Mechanisms of Familial Influence on Reentry among Formerly Incarcerated Latino Men

Jane Jean Hee Lee, Vincent Guilamo-Ramos, Miguel Munõz-Laboy, Kevin Lotz, Lindsay Bornheimer

Research output: Contribution to journalArticlepeer-review


In the United States more than 10,000 people are released from state and federal prisons every week and often reenter the communities in which they were arrested. Formerly incarcerated individuals face considerable challenges to securing employment and housing. Subsequently, approximately two-thirds of former prisoners are rearrested within three years of their release. Latino men represent the fastest growing ethnic group of prisoners in the United States with unique cultural and social needs during the reentry process. The present study examined the role of the family in the reentry process through in-depth interviews (6) with formerly incarcerated Latino men (FILM). The authors sought to identify familial processes specific to Latino men with potential to affect engagement and participation in reentry programs. Findings suggest that family mechanisms of social control and social support influence FILM's reentry. Social work practitioners who work with this growing population can engage familial processes to prevent recidivism and promote desistance.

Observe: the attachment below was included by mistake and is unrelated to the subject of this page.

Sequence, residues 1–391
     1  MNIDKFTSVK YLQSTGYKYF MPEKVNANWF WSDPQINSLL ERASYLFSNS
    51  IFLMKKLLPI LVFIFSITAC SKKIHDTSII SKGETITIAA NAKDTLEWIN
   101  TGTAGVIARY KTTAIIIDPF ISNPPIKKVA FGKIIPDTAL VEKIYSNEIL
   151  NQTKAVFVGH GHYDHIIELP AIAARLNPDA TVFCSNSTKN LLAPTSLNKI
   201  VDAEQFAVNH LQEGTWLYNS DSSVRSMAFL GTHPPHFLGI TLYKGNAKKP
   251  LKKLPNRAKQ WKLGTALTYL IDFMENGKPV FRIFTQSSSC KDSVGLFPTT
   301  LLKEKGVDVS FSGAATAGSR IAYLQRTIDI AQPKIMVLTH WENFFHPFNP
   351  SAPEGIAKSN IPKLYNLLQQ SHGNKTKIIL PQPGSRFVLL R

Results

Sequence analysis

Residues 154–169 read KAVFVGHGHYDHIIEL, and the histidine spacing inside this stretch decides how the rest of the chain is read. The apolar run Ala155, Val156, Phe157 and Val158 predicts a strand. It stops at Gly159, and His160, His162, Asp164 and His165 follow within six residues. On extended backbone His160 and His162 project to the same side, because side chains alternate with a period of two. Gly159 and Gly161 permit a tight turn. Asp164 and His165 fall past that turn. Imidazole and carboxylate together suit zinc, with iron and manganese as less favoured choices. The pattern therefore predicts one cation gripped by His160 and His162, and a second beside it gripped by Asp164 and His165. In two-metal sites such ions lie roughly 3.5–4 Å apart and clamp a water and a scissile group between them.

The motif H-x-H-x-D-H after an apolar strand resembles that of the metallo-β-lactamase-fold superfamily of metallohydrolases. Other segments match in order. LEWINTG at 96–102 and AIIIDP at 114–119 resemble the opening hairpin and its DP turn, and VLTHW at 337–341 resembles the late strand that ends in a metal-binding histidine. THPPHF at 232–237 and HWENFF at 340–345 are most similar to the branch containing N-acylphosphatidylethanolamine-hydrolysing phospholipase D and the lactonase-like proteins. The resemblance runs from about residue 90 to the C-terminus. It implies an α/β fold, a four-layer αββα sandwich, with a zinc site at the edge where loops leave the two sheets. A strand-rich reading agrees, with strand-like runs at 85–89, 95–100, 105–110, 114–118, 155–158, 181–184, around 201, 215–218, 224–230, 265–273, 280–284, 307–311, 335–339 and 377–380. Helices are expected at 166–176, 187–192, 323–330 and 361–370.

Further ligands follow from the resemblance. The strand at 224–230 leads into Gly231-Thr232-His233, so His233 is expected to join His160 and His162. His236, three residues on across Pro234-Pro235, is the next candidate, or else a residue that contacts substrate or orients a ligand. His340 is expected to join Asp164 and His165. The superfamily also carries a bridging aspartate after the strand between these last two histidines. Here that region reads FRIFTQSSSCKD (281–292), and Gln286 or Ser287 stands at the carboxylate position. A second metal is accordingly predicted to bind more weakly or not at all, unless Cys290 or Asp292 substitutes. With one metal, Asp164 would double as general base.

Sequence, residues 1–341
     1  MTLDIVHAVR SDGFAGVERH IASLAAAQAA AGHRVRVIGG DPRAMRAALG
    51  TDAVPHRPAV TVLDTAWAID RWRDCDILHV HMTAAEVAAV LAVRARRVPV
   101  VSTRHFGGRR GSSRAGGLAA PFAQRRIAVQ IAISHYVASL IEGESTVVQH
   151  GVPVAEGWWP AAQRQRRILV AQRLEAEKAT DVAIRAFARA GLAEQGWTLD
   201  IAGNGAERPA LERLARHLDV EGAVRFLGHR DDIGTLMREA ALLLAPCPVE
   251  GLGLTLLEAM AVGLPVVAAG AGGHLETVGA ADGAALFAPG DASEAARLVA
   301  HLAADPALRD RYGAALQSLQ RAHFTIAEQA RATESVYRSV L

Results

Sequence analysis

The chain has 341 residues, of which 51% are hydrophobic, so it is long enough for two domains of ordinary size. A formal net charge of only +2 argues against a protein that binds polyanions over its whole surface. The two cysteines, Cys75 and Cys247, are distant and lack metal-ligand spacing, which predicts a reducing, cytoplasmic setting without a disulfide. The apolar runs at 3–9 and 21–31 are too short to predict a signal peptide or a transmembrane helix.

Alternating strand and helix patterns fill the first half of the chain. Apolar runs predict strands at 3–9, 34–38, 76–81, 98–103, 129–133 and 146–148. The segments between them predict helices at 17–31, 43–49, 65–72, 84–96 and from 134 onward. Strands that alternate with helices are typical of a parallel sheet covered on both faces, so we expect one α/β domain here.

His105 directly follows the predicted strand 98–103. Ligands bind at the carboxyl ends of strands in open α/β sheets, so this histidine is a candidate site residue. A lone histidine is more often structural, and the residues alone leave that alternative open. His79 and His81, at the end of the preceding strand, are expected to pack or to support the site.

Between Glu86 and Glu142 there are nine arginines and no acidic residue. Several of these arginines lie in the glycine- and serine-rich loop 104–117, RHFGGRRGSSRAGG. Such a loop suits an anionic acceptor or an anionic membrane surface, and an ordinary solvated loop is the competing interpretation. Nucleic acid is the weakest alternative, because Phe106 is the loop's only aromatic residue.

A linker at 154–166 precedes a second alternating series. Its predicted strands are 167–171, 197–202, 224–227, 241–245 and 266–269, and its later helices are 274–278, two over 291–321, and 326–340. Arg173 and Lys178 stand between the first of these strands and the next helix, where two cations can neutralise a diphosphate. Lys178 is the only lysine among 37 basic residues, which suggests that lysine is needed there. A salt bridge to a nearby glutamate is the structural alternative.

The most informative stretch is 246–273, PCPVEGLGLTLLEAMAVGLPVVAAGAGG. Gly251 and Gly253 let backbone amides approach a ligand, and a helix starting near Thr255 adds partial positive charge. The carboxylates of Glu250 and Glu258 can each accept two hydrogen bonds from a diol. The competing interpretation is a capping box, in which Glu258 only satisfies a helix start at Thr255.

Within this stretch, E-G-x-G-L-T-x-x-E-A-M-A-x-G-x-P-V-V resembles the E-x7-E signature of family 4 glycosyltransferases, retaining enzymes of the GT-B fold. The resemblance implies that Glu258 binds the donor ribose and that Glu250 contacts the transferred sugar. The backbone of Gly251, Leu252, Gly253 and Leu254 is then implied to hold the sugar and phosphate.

Original languageEnglish (US)
Pages (from-to)199-207
Number of pages9
JournalSocial Work (United States)
Issue number3
StatePublished - Jul 1 2016


  • Families
  • Latinos
  • incarceration
  • reentry

ASJC Scopus subject areas

  • General Medicine


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